The Senate Is About to Let More Than 22 Agencies Spy on Your Email and Documents Without a Warrant (Update: Not Any More)

What began as a bill designed to protect the privacy of your digital life has been mangled at the behest of law enforcement agencies. CNET reports that if the revised Senate bill isn't stopped before it goes to vote next week, 22 federal agencies will have warrantless access to troves of your private information. Let's stop them. Updated below

It seems that at first, Senator Patrick Leahy was trying to do the right thing. CNET reports that when the Democratic senator from Vermont first proposed the update to the Electronic Communications Privacy Act last year, the idea was to make it harder for the government to spy on you. From the senator's press release at the time:

The legislation includes enhanced privacy protections for the content of Americans' email and other electronic communications, which would be subject to a search warrant requirement based on probable cause. The bill also includes new privacy protections for Americans' location information that is collected, used or stored by service providers, smartphones and other mobile technologies.

This makes perfect sense. When the authorities come shakedown your property—digital or otherwise—they need to demonstrate probable cause for their actions before a judge. CNET says that's the version of the bill that was scheduled for a vote this September. Then, privacy-hating law-enforcement agencies like National Sheriffs' Association complained, and your privacy was thrown out the window in the name of political efficacy.

CNET reports that the bill was "quietly reworked" into a series of amendments to the ECPA that turn your email and other electronic property into an open book they can read basically whenever they feel like it.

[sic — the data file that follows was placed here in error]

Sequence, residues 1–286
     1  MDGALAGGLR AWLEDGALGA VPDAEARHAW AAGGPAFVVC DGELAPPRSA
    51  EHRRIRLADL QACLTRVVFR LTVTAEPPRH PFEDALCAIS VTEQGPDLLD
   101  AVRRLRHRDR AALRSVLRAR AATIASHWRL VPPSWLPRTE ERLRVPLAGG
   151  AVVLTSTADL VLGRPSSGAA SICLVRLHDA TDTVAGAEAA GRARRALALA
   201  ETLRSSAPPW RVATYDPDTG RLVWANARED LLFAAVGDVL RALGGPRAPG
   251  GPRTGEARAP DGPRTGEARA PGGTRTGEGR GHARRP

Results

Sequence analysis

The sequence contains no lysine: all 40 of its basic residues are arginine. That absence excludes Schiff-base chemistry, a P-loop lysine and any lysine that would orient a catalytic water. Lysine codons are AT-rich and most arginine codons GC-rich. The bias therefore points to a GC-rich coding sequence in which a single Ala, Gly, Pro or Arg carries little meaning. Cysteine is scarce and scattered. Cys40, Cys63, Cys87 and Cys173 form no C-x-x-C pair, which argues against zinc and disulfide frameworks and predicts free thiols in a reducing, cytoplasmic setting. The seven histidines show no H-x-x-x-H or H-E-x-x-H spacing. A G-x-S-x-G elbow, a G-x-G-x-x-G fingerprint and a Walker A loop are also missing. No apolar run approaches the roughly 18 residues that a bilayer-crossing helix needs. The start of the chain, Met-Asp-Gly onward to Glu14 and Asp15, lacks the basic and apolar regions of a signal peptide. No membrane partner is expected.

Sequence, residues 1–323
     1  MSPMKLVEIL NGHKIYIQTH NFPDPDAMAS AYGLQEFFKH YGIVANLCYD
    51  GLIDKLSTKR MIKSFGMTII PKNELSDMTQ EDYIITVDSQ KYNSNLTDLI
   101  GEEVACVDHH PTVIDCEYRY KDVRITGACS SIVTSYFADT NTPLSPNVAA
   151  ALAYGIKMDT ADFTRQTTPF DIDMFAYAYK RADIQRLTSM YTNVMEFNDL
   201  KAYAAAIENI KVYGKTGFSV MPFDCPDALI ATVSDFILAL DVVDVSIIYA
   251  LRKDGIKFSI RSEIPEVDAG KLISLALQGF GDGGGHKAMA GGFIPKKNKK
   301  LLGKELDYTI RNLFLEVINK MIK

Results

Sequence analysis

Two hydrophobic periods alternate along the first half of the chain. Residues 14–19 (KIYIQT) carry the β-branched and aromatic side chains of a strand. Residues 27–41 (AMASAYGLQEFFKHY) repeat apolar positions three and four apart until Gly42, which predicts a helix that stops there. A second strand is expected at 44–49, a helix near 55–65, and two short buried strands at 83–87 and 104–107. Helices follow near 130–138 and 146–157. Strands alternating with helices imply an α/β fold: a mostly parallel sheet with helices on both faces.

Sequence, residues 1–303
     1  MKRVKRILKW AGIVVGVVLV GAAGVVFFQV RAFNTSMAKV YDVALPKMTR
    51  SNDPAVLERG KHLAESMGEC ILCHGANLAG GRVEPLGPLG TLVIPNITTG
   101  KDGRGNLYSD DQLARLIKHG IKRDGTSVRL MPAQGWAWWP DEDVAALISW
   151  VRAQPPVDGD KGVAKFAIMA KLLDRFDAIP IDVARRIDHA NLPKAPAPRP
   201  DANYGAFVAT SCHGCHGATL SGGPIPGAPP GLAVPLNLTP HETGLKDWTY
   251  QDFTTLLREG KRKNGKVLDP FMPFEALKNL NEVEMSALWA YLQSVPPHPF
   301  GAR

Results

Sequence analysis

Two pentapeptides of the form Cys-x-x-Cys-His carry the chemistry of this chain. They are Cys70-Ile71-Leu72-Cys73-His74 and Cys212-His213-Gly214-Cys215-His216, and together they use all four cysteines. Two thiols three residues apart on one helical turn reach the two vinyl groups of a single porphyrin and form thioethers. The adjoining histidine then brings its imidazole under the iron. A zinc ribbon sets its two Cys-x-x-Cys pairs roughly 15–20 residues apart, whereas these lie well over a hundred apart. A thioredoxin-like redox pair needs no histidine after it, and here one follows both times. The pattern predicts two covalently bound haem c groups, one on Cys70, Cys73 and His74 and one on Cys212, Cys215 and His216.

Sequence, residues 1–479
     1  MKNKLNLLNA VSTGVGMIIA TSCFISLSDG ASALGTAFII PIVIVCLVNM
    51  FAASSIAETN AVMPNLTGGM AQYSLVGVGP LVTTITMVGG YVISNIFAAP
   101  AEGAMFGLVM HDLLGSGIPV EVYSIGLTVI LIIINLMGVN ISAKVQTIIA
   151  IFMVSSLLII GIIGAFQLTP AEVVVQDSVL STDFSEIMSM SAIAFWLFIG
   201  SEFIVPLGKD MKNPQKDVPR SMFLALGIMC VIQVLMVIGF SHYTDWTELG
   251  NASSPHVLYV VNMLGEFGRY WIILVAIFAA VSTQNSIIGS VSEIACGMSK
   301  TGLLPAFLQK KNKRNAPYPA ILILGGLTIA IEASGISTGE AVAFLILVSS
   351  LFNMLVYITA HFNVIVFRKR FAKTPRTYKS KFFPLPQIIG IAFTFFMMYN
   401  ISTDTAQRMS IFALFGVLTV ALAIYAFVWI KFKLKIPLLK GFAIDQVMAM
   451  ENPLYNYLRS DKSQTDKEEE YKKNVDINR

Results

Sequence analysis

Leahy's rewritten bill would allow more than 22 agencies — including the Securities and Exchange Commission and the Federal Communications Commission — to access Americans' e-mail, Google Docs files, Facebook wall posts, and Twitter direct messages without a search warrant. It also would give the FBI and Homeland Security more authority, in some circumstances, to gain full access to Internet accounts without notifying either the owner or a judge. (CNET obtained the revised draft from a source involved in the negotiations with Leahy.)

Now, we can't see the documents CNET is reporting on but based on their reporting, we're led to believe the list of government agencies that will be able to access your information without a warrant will be the Department of Homeland Security, the FBI plus this laundry list of regulatory agencies:

Board of Governors of the Federal Reserve System, the Commodity Futures Trading Commission, the Consumer Product Safety Commission, the Federal Communications Commission, the Federal Deposit Insurance Corporation, the Federal Energy Regulatory Commission, the Federal Housing Finance Agency, the Federal Maritime Commission, the Federal Trade Commission, the Interstate Commerce Commission, the Mine Enforcement Safety and Health Review Commission, the National Labor Relations Board, the Nuclear Regulatory Commission, the Occupational Safety and Health Review Commission, the Postal Regulatory Commission, the Securities and Exchange Commission, the Bureau of Consumer Financial Protection, the Office of Financial Research, Office of the Comptroller of the Currency...

Now without seeing the actual revised draft of Senator Leahy's bill, we can't be sure, but that's the implication.

Oh hell no, we cannot allow this to happen. Our elected representatives sneakily pushed these changes through right after the election and right before a holiday so that the fewest number of people possible would be paying attention. Contact your senators now and tell them you're opposed to Leahy's amendments to the Electronic Communications Privacy Act. [CNET]

Image by Tischenko Irina/Shutterstock

Update

CNET has published another story after Senator Leahy said he would not support the controversial proposal. Apparently, CNET's report was based on documents circulated "prior to mark up." Phew!